How to Keep Your Skin Safe in the Sun

July 30, 2023
Picture of a young girl putting sunscreen on her mother's nose at the beach.

Did you know that the sun produces three types of ultraviolet (UV) radiation? While UVC rays are absorbed by the atmosphere before reaching us, UVA and UVB rays can cause a number of health issues, including sunburns, premature aging, cataracts, and skin cancer.

The U.S. Department of Health and Human Services has named July as UV Safety Awareness Month. So, to celebrate, we’ve compiled the following four tips on how to stay safe in the sun.

1. Check the UV Index

In 1994, the National Weather Service (NWS) and the U.S. Environmental Protection Agency (EPA) developed a UV index to help people avoid overexposure to solar UV radiation. The index predicts how strong the sun’s UV rays will be on a certain day, using a scale that ranges from 1 (low) to 11+ (extreme). So, before venturing outside, be sure to check the forecast and adjust your plans accordingly.

2. Stay in the Shade

Whenever possible, try to find a shady spot. For example, if you’re planning to spend time in a park, check to see whether it contains any picnic pavilions. Or, if you’re dining al fresco, ask to be seated under a patio cover. If you’re concerned about not being able to find shade, you may want to invest in a portable sun umbrella.

3. Use Sunscreen

Be sure to select a broad-spectrum sunscreen that contains protection against both UVA and UVB rays, and opt for one with a sun protection factor (SPF) of at least 30. Be generous when applying your sunscreen—you should use at least one ounce (approximately the size of a golf ball) and cover any areas that will be exposed to the sun, including your scalp, your eyelids, your ears, the back of your neck, and the tops of your feet. And don’t forget to reapply sunscreen every two hours (more often if you’re using spray sunscreen, sweating, or swimming).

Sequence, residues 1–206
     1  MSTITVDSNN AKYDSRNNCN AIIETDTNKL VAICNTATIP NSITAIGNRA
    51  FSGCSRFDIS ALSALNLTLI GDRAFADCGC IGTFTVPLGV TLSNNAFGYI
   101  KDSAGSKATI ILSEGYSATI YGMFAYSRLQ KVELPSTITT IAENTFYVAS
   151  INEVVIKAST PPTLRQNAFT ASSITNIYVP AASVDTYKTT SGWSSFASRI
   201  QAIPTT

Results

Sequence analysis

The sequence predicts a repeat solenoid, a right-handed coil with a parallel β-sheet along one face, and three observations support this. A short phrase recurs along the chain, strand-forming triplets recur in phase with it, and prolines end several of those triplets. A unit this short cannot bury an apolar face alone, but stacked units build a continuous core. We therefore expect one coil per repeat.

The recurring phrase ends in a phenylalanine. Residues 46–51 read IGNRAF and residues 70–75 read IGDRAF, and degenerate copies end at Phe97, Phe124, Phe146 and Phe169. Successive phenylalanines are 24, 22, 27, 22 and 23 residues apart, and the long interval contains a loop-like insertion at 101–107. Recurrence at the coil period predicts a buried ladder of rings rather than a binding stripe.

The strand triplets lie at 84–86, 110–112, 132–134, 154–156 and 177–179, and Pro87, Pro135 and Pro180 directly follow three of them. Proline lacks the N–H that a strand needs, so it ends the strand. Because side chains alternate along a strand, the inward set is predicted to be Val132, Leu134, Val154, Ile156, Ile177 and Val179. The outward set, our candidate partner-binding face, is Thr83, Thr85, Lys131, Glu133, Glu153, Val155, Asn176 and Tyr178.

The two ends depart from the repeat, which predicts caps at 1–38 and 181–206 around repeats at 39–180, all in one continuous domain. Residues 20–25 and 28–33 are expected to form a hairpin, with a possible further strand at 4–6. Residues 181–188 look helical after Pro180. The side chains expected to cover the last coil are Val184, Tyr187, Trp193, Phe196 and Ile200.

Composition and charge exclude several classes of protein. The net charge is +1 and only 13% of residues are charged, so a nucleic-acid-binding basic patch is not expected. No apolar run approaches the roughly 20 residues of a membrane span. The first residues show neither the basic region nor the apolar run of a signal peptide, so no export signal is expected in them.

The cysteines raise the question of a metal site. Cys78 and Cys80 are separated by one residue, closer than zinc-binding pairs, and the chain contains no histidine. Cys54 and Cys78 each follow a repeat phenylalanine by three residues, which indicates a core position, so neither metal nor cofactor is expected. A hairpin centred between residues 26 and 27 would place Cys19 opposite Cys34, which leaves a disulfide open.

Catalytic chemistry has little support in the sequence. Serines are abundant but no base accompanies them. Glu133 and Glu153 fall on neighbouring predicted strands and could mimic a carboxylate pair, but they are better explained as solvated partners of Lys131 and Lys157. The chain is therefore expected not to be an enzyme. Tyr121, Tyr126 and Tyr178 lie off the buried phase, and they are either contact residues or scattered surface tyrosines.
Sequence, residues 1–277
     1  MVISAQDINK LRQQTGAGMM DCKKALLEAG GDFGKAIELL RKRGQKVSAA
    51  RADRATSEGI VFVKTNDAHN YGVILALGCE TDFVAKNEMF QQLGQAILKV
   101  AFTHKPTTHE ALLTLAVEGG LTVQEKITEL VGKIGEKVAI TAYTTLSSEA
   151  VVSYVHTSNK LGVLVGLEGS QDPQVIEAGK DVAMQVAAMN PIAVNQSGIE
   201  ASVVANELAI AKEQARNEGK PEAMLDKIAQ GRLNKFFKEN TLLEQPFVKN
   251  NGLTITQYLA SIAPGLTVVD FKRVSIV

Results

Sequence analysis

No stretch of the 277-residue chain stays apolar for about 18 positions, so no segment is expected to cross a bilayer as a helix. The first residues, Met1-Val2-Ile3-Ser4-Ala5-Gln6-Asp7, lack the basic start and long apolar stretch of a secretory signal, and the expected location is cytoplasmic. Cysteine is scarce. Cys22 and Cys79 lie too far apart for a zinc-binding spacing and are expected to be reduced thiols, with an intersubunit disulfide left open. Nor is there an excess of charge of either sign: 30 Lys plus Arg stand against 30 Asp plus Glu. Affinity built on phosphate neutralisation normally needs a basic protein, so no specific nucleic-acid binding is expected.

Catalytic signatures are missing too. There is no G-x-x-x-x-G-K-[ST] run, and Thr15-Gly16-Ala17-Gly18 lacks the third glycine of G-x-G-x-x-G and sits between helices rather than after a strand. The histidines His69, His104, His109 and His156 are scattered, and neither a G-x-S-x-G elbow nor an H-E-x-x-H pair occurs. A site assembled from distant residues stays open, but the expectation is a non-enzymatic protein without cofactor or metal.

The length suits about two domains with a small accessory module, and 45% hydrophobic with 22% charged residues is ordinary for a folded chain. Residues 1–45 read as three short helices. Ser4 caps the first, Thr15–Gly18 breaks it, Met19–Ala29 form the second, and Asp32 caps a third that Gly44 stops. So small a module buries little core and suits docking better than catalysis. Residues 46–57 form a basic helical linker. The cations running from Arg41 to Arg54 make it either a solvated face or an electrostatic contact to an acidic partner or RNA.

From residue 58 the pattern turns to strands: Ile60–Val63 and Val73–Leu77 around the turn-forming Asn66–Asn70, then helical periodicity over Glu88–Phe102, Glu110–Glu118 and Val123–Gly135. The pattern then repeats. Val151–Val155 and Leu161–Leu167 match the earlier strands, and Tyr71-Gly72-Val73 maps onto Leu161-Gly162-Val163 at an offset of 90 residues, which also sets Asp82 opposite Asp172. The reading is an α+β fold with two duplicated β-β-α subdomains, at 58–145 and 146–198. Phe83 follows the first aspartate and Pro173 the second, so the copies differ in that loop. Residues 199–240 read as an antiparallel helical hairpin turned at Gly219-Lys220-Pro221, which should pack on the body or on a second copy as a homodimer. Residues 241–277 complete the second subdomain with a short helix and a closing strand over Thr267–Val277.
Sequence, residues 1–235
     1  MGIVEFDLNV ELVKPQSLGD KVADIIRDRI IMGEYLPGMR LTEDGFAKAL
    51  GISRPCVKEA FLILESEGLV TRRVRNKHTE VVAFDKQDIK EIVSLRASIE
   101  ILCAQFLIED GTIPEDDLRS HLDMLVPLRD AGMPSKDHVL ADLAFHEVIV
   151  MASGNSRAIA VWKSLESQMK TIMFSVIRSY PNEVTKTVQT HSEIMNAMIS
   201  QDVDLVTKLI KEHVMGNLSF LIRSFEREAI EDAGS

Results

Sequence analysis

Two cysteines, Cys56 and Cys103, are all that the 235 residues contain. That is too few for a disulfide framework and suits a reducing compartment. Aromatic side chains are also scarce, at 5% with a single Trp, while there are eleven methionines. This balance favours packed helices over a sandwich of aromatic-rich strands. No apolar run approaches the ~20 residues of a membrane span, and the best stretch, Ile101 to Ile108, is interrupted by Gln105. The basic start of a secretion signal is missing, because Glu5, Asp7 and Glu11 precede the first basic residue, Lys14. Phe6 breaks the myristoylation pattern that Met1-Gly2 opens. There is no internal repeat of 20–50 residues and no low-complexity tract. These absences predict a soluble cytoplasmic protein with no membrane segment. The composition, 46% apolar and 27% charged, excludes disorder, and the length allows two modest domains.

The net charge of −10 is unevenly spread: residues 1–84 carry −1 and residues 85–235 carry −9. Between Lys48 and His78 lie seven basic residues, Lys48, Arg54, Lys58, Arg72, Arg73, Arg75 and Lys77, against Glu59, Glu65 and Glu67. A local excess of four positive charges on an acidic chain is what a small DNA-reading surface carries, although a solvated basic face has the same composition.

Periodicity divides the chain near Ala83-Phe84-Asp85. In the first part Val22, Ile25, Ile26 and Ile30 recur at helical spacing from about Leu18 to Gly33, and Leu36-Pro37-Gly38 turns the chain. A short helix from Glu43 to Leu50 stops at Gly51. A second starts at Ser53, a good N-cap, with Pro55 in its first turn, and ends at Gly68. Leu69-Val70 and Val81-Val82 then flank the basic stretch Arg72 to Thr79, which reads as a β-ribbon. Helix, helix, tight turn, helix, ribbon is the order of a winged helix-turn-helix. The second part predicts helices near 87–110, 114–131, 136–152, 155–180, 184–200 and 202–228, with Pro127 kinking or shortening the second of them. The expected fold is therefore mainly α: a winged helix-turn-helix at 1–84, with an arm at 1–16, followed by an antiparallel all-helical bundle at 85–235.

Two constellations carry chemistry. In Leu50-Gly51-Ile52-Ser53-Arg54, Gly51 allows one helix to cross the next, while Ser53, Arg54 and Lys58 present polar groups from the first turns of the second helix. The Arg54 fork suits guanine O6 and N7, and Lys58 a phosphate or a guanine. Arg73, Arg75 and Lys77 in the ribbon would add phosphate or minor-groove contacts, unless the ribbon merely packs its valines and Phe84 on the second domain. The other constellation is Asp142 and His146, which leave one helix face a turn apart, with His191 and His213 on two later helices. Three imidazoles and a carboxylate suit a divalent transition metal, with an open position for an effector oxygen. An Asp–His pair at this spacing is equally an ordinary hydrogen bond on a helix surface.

4. Wear Sunglasses

Your skin isn’t the only part of your body that needs protection from the sun. Because UV rays can cause a number of eye problems, such as cataracts, it’s important that you wear sunglasses. You’ll want to invest in a pair that provides 100% UVA/UVB protection, and be sure to check the label, since darker lenses don’t always mean greater defense.

Urgent Care Treatment for Sunburns & Sun Poisoning

At PhysicianOne Urgent Care, we skillfully treat a wide array of non-life-threatening illnesses and injuries, including sunburns and sun poisoning. We have locations across Connecticut, Massachusetts, and New York—all of which are open 365 days per year with extended hours—and we never require appointments (although patients still have the option to book a visit online, if desired). We also offer a 24/7 integrated telehealth service, which is perfect for individuals who want to speak to a local provider about their sunburn or sun poisoning symptoms but don’t feel up to leaving the house. We strive to offer care when and where our patients want it, so choose the treatment option that’s best for you.

Mother and daughter happy at the beach
Throughout the visit I felt like the staff really cared. The doctor took his time talking with me about my symptoms, and I felt like he listened to all my concerns and took that into consideration when recommending the right treatment. Thank you!
Hamden, CT
  • 5.0
  • 4.6